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BRIC - BioResorbable Implants for Children

  • Head: University Lecturer Dr Annelie-Martina Weinberg, pediatric surgeon
  • Grant recipient: Medical University of Graz
  • Partners: AT&S Austria Technologie & Systemtechnik AG | Heraeus Medical GmbH | Graz University of Technology, Institute of Biotechnology and Biochemical Engineering | Graz University of Technology, Institute for Chemistry and Technology | Vienna University of Technology, Institute of Building Construction and Technology | Vienna University of Natural Resources and Applied Life Sciences, Department of Material Sciences and Process Engineering

Implants that dissolve in the body

In the Laura Bassi Centre of Expertise BRIC, trauma surgeon Annelie Weinberg from the pediatric surgery ward of the Graz Medical University hospital develops revolutionary materials for implants that support the healing of broken children’s bones and are then absorbed by the body.


The motto is to keep children’s stays in hospital as short as possible and to avoid operations wherever possible, since operations are often traumatising for young patients because they are not easy to cope with psychologically. In order to reduce the number of operations, trauma surgeon Annelie Weinberg is researching the development of new implants that dissolve in the body. Implants are necessary in cases of difficult pediatric fractures because without stabilisation the bones could grow back together the wrong way. Usually the inserted implants have to be removed after about a year, which means another operation. A second operation could be avoided by using resorbable materials.

Children’s fractures heal differently from those of adults

The new implants would have the advantage of being much more elastic than the materials used until now, such as steel or titanium, and it would promote the bones' healing process. This is due to the fact that children's fractures need more flexible support compared to those of adults. One of the tasks of the BRIC project is to investigate special therapeutic differences which are hardly understood yet: how long should an implant remain in a child's body, what degree of rigidity and what mechanism must be guaranteed? Being the second research focus, this entire basic research will be covered by BRIC. The foremost objective, however, is the development of a resorbable material. Implants based on lactic acid or carbohydrate-derived molecules already exist, but they lead to hyperacidity of the cells and cause chronic inflammations in the body. This is why the BRIC research team works on the development of an alternative biocompatible material based on hydroxybutyric acid (3HB). 3HB constitutes a chemical compound that can be resorbed by the human body. It is produced by bacteria in the form of its polymer, poly-3-hydroxybutyrate (PHB) as microbial storage material. The materials that are developed in cooperation of Vienna University of Technology, University of Natural Resources and Life Sciences, Vienna, and Graz University of Technology, are copolyesters of 3HB and other PHA building blocks like 3-hydroxyvaleric acid and 4-hydroxybutyric acid. This way, it is possible to produce such PHA copolyesters with tailor-made mechanical and thermodynamical properties instead of the rather brittle material PHB, e.g. by adjusting the degree of crystallinity. Here the development of materials aims at suitable rigidities, flexibilities, and in-vivo degradation rates. Until the ultimate material is developed and ready to be applied in children´s surgery, the close cooperation of all research partners for several years is absolutely needed.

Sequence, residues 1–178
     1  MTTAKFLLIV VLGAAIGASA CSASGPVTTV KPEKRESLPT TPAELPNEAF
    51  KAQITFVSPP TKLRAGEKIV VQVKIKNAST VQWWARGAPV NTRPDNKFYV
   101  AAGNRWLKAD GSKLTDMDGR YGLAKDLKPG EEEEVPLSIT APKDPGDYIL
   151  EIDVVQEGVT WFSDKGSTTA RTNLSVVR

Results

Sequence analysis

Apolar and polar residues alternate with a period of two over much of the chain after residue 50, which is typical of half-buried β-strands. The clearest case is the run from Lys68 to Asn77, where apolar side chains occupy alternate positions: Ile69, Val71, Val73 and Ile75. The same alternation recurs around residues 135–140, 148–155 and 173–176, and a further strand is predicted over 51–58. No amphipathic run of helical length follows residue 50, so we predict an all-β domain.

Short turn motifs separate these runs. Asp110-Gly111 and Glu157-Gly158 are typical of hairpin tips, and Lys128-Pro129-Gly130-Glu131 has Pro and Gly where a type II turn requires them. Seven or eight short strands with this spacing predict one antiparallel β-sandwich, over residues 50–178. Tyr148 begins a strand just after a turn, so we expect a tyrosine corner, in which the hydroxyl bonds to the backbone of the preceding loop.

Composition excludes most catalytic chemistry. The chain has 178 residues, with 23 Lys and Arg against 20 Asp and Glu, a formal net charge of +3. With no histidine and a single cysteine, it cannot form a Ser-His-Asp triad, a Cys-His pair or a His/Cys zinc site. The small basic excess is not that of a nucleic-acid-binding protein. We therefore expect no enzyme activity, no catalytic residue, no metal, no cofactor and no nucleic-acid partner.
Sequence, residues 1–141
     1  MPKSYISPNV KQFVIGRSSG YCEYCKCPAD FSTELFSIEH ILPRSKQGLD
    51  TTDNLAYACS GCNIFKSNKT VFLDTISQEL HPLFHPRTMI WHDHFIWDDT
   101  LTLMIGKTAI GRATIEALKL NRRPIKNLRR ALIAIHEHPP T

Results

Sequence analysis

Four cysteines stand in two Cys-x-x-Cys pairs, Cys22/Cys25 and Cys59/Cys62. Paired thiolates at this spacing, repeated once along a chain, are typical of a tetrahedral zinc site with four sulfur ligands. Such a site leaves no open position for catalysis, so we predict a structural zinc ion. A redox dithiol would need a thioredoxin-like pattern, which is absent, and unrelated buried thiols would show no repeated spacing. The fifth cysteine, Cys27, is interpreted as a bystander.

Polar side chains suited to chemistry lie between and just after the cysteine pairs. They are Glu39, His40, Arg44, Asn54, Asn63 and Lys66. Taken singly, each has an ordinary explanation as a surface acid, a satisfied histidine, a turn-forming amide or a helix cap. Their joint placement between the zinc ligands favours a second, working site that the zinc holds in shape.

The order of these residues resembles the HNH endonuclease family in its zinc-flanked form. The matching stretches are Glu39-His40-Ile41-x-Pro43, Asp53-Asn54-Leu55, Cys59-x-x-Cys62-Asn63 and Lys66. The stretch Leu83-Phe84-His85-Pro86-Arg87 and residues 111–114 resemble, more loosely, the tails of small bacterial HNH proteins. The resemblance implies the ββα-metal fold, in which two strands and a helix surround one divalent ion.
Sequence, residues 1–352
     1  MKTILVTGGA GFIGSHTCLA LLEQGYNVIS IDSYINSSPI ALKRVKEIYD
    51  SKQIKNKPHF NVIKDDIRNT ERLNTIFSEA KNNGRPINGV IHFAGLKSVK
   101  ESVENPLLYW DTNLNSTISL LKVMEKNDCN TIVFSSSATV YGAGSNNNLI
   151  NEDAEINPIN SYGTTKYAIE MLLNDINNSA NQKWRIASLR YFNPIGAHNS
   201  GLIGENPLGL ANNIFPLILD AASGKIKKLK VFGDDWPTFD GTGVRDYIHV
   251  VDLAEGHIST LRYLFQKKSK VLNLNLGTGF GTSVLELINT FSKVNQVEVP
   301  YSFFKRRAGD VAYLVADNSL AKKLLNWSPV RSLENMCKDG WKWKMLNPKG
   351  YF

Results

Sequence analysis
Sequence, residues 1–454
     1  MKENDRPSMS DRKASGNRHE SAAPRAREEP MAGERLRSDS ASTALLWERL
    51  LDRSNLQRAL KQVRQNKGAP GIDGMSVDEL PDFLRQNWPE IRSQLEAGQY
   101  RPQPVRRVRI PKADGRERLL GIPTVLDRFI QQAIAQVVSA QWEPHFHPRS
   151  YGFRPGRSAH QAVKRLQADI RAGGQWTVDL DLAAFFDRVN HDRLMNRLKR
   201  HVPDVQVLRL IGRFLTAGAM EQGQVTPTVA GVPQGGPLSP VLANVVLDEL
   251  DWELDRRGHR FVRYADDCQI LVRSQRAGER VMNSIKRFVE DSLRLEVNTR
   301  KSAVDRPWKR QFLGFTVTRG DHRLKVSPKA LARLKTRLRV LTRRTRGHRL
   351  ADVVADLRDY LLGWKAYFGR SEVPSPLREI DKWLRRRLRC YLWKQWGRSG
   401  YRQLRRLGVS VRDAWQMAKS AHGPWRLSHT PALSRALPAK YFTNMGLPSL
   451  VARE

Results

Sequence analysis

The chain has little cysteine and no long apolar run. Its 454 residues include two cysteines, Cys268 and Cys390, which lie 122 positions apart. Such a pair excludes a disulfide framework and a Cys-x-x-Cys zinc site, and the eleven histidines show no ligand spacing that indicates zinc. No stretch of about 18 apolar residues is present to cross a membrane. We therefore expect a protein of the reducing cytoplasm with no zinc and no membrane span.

Pioneer in pediatric surgery

Born in Germany, Annelie Weinberg, consultant at the University Clinic for Pediatric Surgery in Graz, studied in Germany and Italy. She is among the very few female trauma surgeons in the German-speaking world and was the first woman in her specialist field to qualify as a university lecturer in 2001. She finished her specialist training in Braunschweig and Hanover, and during her maternity leave she established a rehabilitation centre adjoining the clinic so as to shorten the children’s in-patient times. She is the only woman to have written textbooks that point the way in the field of pediatric trauma surgery and has always stood up for making surgery and hospital stays suitable for children. In addition to her everyday work as a surgeon, she devotes herself to basic research in the fields of experimental biomechanics, molecular biology of fracture healing in children and to the research focus of resorbable implants. The Laura Bassi Centre of Expertise headed by her means the realisation of the project of a lifetime for the outstanding surgeon: “I have been researching resorbable implants for children for many years but funding was always poor because children represent too insignificant a market for the industry. This attitude is in the process of changing. With BRIC I can pass on my knowledge to the next generation of female researchers and realise scientific innovations.”